Europe: The end to Wall Street's week followed on from declines in European indices, which fell predominately for the same reasons as their US counterparts. The start of the week will be no less un-friendly than end of the last for European markets, after news, post the trading week's close, that UK Prime Minister Theresa May's latest Brexit proposal has been slapped down once again by the European Union – prompting (allegedly) that four more members of Prime Minister May's cabinet will soon resign. The developments open further downside in the EUR and GBP, which had already plunged further into the 1.13 and 1.29 handle even before this information was known.
Oil: Arguably the most significant and news worthy price action occurred in oil markets towards the end of trade last week, as fears around slower global growth coupled with growing concerns of a supply glut pushed the price of WTI to $60.00 and the price of Brent Crude to $70.00. The tenth successive day of falls in the price of oil mark the longest daily losing streak for the black stuff in history, leading OPEC+ to call fall production cuts within oil producing countries. The situation could prove a political hot topic in the months to come: Western leaders (particularly US President Donald Trump) have maintained their vocal desire for lower prices, while the members of OPEC continue to struggle to organise a coherent view of what oil output ought to be given the current global economic and geopolitical back drop.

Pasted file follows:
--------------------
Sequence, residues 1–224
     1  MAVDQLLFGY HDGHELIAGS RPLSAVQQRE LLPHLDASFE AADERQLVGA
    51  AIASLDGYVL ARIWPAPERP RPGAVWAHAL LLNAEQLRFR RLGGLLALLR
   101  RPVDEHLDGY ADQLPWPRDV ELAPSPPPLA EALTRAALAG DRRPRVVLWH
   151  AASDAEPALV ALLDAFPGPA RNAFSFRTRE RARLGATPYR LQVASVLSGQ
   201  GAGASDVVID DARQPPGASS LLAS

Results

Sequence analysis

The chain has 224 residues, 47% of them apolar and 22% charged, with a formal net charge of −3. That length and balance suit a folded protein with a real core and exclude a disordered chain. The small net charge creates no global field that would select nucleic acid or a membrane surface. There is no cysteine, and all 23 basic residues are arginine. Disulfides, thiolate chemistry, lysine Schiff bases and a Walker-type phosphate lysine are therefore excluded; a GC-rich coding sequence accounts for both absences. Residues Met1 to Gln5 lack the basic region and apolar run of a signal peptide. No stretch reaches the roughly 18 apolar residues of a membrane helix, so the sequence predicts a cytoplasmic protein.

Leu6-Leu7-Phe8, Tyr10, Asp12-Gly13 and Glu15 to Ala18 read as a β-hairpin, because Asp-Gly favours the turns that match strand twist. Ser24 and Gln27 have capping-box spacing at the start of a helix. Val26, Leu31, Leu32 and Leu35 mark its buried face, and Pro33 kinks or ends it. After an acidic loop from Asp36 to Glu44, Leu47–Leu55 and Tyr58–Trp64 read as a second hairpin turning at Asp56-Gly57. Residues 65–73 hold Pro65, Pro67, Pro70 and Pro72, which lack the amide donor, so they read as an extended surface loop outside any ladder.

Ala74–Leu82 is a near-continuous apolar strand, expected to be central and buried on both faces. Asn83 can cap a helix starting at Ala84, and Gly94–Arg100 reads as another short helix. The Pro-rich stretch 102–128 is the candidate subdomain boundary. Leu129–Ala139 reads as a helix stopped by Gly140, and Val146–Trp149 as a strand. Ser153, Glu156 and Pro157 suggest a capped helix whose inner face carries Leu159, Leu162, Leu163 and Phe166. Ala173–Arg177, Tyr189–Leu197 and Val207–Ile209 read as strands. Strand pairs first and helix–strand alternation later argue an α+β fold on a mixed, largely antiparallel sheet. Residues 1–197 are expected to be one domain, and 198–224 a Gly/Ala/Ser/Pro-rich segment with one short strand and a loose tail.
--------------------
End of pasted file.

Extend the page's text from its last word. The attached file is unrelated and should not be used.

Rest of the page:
ASX200: SPI futures are at time of writing indicating the ASX200 will recede further from the key 5930 support/resistance level and dip 37 points at today's open. This comes following a thin day's trade for the Australian market on Friday, which saw the ASX200 close 0.5 per cent lower on volumes once again below the 100-day average. Trade across the Asian region didn't deliver much for the Bulls: a weaker Yen failed to translate into gains for the Nikkei, dropping over 1 per cent instead; and Chinese indices dropped by nearly one-and-a-half per cent, and the Yuan slid through 6.95 on occasions, due to reduced optimism about a trade deal eventuating between the US and China.
The ASX200 heavyweights appear set to face familiar headwinds today: auction clearance rates were again poor over the weekend, adding to fears about the potential effect the property market slowdown will have on the big banks; sluggish activity in Chinese equities and industrial commodities markets in general have amplified fears regarding global growth and its impact on the materials sector; and a lull in risk appetite has stifled the enthusiasm for growth stocks, diminishing the attractiveness of the local health care darlings. These separate narratives aren't new to market participants, and as always could quickly flip based on the vagaries of the market; but nevertheless, it appears they are for now enough to put the ASX200 on the back foot to start the week.